I care (or at some time in the future, I might care)
– from here on in, I talk about the nuts and bolts of building your blog; then attracting, maintaining and measuring an audience.

What to write about


I’m going to write about X
– You have an unwavering passion for or business interests in X. You might be addicted to eggs, bacon, chips and beans; eating what you shoot; or Cambodian food. In the biz, this is called your niche and if you’re doing this for any sort of professional/money-making reasons then it is easier to build an audience if you start like this. People who have a vague interest in X will gravitate towards you and over time, you’ll become the world’s leading proponent of X. It’s also a great way to link up with others who have an unhinged obsession with X.

Every single post that you write on the web should somehow add value to X. Linking to someone else’s news article about X doesn’t add any value to your blog unless you have something insightful to say about it.

Traditionally, this is what most web marketers will recommend that you do when starting your blog but ultimately, most food bloggers don’t stay on mission. Once you’ve built an audience of readers, they’ll either forgive you (or love it) when you stray off topic. Here is RealThai eating real Swedish, Ed Charles talking about his dog, me talking about obscure Cambodian/Vietnamese geopolitics.

I’m going to write about whatever the hell I feel like. Not even food sometimes. You can’t stop me
. – This is a harder path because the appeal of your site isn’t going to be the subject matter; it’s going to be you. If you’ve got self confidence and know that your voice alone is going to attract readers, then go for it. I’ve begun thinking that one of the reasons that many food bloggers burn out within a year is that they run out of subject matter (X) and don’t know what to do next.

Michael Ruhlman, David Leibovitz and Aun from Chubby Hubby all tend to write about whatever they choose but the focus stays on food. They all also have offline food industry experience (or readers of their books) to back them up.

Technical issues – the nuts and bolts

Which blogging platform?

I’m not going to do an in-depth review of the best blogging sites and software out there. Others have already done this in an approachable manner – see the links below.

As for my recommendation for food blogging, I choose WordPress – It’s flexible, relatively easy to extend and most foodbloggers who start with another platform and don’t quit within the first year of blogging end up moving to WordPress. The downside is that you’ve got to pay for hosting (between US$6 and US$12 a month) and have some confidence with technology. I recommend Bluehost for hosting – they have an auto-install function for WordPress and they’re currently less than $7 a month.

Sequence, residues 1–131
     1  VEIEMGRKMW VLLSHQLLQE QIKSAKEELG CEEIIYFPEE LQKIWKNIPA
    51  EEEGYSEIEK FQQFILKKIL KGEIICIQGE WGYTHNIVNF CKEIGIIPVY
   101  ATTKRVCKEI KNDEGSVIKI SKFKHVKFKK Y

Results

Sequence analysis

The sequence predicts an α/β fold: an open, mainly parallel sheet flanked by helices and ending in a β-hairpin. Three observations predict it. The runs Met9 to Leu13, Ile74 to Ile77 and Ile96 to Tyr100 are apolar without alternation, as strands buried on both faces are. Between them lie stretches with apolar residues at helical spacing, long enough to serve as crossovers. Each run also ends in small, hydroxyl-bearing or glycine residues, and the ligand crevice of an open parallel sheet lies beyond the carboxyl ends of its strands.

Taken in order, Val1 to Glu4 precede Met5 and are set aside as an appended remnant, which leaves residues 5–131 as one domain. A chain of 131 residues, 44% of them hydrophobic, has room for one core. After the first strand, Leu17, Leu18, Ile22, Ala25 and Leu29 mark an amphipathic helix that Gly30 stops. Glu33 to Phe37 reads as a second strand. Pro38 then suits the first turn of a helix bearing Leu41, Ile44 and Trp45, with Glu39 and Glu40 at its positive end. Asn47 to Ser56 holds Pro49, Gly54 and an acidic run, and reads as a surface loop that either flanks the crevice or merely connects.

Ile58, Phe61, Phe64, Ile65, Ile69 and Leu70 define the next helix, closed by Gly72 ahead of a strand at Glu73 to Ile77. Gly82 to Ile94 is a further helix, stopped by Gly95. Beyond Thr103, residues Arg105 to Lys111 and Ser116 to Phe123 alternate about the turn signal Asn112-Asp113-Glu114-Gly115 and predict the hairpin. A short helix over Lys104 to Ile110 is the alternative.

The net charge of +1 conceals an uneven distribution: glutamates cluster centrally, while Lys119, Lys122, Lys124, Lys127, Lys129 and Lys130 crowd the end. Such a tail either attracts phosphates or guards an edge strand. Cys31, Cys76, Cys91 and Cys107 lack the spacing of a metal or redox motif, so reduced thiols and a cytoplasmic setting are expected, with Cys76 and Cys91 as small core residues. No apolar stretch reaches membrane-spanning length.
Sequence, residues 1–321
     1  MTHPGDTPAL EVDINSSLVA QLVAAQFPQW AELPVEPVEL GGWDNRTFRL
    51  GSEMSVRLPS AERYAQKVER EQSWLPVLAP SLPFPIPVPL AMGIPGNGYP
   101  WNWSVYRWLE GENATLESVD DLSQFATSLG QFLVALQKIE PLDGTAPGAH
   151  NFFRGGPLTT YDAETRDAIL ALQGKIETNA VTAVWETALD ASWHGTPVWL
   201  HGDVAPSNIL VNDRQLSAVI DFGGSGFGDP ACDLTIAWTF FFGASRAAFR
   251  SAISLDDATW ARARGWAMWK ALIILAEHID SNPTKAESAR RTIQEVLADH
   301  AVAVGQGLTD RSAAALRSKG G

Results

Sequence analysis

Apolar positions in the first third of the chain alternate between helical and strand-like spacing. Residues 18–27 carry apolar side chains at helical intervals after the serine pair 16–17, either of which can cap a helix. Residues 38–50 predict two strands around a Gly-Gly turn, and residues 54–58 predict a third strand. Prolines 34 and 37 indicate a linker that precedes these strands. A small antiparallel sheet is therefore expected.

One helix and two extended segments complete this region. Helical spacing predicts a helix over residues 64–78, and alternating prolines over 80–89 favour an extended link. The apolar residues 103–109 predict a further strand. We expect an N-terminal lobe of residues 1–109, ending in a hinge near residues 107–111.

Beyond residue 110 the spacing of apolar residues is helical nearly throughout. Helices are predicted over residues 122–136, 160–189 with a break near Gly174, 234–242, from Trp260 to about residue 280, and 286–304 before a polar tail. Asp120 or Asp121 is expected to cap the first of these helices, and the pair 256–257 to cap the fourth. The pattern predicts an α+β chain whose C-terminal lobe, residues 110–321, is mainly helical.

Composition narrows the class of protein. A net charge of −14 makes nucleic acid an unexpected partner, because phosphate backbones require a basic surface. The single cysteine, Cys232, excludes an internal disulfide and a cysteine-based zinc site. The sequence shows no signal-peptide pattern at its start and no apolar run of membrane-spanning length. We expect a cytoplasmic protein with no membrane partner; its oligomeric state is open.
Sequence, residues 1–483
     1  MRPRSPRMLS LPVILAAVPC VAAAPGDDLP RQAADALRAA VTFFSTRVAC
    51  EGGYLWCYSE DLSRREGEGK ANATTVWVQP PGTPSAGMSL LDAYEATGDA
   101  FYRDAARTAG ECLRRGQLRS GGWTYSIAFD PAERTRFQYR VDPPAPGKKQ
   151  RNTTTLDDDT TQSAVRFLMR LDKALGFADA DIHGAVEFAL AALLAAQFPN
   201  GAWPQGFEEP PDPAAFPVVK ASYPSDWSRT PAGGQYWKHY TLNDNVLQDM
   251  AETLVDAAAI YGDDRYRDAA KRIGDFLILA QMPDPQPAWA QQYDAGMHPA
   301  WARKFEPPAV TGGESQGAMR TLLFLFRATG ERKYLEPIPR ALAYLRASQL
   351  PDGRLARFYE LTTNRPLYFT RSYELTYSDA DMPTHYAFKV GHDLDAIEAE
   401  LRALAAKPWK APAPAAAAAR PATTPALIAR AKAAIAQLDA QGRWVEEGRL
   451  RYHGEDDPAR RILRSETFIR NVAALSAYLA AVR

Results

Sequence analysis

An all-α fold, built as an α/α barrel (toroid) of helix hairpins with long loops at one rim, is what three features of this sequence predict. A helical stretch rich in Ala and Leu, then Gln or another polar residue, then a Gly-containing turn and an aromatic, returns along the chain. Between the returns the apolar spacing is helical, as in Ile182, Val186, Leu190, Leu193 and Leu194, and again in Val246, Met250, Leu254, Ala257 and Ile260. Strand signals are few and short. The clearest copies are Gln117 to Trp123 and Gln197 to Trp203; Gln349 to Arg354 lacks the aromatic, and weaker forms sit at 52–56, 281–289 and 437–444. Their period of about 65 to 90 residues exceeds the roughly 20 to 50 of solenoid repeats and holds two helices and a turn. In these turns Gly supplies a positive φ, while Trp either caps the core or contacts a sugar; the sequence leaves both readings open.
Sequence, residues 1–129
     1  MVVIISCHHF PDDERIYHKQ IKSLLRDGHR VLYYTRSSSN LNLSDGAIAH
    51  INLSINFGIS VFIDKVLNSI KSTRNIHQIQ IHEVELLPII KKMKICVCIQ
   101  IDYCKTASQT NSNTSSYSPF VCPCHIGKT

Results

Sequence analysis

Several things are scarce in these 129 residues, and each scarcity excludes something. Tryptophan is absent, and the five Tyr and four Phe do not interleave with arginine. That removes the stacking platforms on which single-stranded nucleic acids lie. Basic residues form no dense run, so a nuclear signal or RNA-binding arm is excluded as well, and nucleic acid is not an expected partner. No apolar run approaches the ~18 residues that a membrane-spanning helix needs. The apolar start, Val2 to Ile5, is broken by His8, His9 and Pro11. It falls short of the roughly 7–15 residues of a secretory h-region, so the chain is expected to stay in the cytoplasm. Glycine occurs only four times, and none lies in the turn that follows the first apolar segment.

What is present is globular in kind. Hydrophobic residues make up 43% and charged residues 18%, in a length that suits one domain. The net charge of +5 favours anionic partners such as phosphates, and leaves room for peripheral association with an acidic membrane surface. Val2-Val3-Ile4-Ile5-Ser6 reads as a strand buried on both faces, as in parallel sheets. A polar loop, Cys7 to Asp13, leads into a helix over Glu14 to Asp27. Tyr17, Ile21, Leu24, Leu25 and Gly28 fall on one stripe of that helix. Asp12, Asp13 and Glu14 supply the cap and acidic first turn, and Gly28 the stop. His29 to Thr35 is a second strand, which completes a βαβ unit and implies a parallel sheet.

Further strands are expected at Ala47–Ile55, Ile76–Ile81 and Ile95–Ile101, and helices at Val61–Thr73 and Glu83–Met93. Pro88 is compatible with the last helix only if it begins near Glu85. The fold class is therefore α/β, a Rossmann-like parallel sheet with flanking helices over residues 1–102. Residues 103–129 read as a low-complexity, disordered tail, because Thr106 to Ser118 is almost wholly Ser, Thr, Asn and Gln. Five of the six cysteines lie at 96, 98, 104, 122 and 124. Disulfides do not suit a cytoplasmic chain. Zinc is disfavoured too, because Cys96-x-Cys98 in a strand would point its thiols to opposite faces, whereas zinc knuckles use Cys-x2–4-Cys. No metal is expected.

For more information on WordPress, visit their site. Their documentation on getting started is expansive and tailored to all levels of knowledge.

If (after looking at WordPress) you’re not feeling confident with the technology (or simply, just don’t want to pay), sign up at TypePad, Blogger or LiveJournal. It’s as easy to start blogging there as signing up for email. If you don’t mind paying just a little, I’m impressed by newcomers Squarespace – their stock blogs are world’s apart of getting something off the rack at a free blog site.

Regardless of which platform you choose, I strongly recommend buying your own domain name (e.g. www.yourfoodblog.com) before starting for a few reasons:

  • It is painful if you move platforms and lose the incoming links that you’ve built over time
  • If you’re good at blogging, someone else will buy it before you. This happened to Pim of Chez Pim, who only recently moved from Typepad to chezpim.com

For more information on choosing a blog platform

For more “getting started in food blogging” articles

In my next instalment (next Thursday), I fill in how to design your blog, attract the audience that you want to attract and make (a little) money. Continued at “How to start a food blog, part 2“.



Originally, this post was written as a response to a session at the Melbourne Food and Wine Festival on “Web 2.0: how to blog/how not to blog”. I didn’t attend the session, but judging by the ensuing debate generated there seems to be firstly something controversial about saying that there are many bad food blogs out there and secondly, a lot of Australian bloggers are full of vim.